On the 23rd of January, a Criminal Court judge sentenced Red Shirt activist Somyot Prueksakasemsuk to 10 years imprisonment for publishing two articles that violated Thailand’s notorious lèse majesté law, enshrined in article 112 of the Thai criminal code. Somyot’s arrest, detention, and verdict betrays Thailand’s disregard for the fundamental human rights that should be at the basis of any true democracy.
Detained for 21 months and denied bail 12 times, Somyot has had his human rights violated by the Thai judicial system from day one. Somyot, his wife Sukanya Prueksakasemsuk, and many in the Red Shirt and anti-112 camp, firmly believe that his arrest in April 2011, under the Abhisit administration, was politically motivated. Not only was Somyot a prominent Red Shirt with a long history of activism on labour issues, he was organizing a petition to challenge, and potentially abolish, article 112.
In fact, Somyot maintains that he had a target on his back after he refused to collaborate with the Abhisit administration during the Red Shirt protests in April-May 2010. Temporarily detained by the officers of the Center for the Resolution of the Emergency Situation (CRES), he was offered preferential treatment in exchange for testimony that the UDD was directly affiliated with the nebulous “men in black”. He promptly refused.
Now Somyot faces 10 years in prison –plus an additional year for a previously suspended defamation sentence– because of two articles that appeared in the magazine Voice of Thaksin where he worked as an editor. He did not write the articles, nor did he consider them defamatory as no names were mentioned.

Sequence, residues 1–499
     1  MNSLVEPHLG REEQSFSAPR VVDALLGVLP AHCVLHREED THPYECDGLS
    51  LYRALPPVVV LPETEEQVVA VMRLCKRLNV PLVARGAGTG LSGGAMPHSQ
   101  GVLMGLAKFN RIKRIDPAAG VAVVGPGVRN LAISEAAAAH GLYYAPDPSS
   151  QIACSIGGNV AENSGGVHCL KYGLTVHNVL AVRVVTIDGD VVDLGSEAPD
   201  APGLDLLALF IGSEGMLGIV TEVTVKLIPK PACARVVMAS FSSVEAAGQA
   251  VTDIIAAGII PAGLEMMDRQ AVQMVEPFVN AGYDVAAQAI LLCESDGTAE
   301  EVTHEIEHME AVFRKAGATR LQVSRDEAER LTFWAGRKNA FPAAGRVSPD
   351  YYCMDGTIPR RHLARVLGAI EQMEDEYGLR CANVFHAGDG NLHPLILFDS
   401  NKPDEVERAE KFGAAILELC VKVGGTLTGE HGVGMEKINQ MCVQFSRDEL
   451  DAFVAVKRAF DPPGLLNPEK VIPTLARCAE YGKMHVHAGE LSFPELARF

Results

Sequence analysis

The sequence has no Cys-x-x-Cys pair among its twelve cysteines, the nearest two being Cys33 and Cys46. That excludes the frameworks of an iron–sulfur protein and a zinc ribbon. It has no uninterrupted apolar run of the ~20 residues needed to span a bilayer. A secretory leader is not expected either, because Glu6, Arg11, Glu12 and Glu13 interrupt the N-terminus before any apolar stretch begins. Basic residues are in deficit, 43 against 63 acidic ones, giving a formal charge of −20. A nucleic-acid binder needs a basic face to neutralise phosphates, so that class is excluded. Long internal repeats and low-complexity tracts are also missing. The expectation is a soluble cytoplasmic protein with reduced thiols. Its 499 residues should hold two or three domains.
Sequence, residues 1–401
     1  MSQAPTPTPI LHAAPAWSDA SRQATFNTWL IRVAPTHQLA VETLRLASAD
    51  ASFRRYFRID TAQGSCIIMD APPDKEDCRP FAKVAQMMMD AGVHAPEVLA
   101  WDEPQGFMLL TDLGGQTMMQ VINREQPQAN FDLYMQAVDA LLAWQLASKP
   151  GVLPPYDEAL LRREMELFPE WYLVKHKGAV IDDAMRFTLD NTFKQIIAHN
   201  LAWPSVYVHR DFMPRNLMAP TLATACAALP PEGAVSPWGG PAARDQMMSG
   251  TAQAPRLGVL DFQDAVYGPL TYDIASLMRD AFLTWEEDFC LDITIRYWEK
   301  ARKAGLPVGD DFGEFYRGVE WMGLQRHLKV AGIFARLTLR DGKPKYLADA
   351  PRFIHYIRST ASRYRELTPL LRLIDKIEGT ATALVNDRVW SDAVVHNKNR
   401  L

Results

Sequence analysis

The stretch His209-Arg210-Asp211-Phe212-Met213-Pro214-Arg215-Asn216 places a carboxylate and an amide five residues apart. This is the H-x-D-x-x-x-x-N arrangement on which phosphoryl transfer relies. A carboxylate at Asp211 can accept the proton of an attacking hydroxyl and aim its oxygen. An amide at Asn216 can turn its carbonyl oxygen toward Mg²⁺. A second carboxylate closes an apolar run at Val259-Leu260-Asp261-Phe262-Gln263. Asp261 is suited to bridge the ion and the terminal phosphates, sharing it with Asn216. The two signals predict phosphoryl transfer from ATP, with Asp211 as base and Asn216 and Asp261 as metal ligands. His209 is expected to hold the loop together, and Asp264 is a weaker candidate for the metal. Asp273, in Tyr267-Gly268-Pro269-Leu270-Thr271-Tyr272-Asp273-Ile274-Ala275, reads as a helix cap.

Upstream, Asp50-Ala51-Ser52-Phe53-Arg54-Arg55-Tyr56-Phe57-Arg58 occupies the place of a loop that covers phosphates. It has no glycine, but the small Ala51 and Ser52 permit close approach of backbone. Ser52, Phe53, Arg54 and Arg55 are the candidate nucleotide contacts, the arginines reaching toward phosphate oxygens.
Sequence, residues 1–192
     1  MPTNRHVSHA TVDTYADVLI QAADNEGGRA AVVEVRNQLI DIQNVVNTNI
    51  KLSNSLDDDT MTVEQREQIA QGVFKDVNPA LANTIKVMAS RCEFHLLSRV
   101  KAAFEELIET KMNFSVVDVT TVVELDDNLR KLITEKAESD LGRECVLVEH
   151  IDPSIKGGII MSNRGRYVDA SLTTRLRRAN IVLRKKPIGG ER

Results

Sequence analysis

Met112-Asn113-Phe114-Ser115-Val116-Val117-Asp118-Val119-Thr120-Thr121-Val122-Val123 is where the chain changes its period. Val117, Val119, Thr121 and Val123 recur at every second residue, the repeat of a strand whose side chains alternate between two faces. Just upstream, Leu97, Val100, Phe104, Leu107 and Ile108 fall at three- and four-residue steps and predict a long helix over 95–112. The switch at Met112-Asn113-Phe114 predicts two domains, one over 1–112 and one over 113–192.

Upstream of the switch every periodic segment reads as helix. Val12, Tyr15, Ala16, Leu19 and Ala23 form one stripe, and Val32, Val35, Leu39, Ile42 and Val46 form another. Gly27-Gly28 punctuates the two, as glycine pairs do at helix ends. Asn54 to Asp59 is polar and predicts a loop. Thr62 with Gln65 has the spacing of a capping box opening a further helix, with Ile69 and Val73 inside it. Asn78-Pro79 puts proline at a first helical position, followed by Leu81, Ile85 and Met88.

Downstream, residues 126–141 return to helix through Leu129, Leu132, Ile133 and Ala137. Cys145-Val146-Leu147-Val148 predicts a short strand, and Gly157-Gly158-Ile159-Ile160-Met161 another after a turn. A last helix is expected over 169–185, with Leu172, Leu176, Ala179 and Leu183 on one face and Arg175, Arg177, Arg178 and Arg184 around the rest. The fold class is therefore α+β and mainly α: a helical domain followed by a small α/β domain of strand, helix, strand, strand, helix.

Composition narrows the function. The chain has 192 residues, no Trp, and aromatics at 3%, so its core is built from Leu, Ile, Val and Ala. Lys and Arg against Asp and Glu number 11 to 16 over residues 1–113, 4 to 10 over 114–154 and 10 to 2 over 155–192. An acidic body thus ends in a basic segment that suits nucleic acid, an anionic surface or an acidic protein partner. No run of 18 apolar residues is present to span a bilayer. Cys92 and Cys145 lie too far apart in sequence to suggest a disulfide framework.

The Criminal Court’s decision has sparked domestic and international outrage. UN Human Rights Commissioner Navi Pillay expressed her deep concern about the verdict.
The conviction and extremely harsh sentencing of Somyot sends the wrong signals on freedom of expression in Thailand. The court’s decision is the latest indication of a disturbing trend in which lèse-majesté charges are used for political purposes.
Considering the political nature of Somyot’s case, the UDD hopes that the proposed draft amnesty decree would be applicable to him. The draft decree stipulates that “all persons who have been charged of committing any crime stemming from the political conflict between 1 January 2006 to 31 December 2012” should be freed immediately.
UDD leader Tida Tawornseth told Thai Red Shirts (TRS) that,
Somyot’s case proves that liberal democratic ideals are non-existent in Thailand. It reaffirms our conviction that comprehensive political reform is necessary if this country can call itself democratic.
The UDD regards 112 as the most important of many anti-democratic laws that have been passed by coup-makers throughout Thailand’s turbulent political history. Although lèse majesté laws have existed in Thailand since the beginning of the 20th century, the maximum sentence was increased to 15 years by the military junta that had executed the coup of 1976.
It is impossible to ignore the intrinsic link between authoritarian regimes and the suppression of the freedom of speech. The UDD is committed to fighting the effects of all coups and achieving a sustainable democracy to Thailand. Somyot continues to be an incredible fighter in the struggle for a freer Thai society and we deeply regret his and his family’s suffering.